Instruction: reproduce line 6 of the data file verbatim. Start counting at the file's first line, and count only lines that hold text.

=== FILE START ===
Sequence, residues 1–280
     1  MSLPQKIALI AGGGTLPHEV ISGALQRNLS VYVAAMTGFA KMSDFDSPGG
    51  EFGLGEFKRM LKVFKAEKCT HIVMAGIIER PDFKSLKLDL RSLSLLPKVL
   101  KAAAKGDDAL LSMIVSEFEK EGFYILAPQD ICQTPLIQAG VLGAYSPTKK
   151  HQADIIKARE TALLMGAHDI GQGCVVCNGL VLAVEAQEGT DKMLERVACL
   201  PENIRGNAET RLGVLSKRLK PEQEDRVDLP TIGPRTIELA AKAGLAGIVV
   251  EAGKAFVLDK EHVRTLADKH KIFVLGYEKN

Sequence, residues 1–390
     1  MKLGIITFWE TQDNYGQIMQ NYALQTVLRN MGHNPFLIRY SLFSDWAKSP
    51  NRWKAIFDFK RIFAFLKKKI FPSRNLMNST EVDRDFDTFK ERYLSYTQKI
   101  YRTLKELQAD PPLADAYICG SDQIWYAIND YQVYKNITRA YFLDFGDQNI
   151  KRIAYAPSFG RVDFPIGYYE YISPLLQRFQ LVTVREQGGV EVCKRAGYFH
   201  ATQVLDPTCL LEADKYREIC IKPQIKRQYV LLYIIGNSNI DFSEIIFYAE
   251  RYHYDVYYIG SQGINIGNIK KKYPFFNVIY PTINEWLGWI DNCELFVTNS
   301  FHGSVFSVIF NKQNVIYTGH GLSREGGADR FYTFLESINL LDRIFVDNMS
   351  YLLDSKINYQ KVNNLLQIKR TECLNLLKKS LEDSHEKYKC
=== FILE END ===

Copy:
   201  PENIRGNAET RLGVLSKRLK PEQEDRVDLP TIGPRTIELA AKAGLAGIVV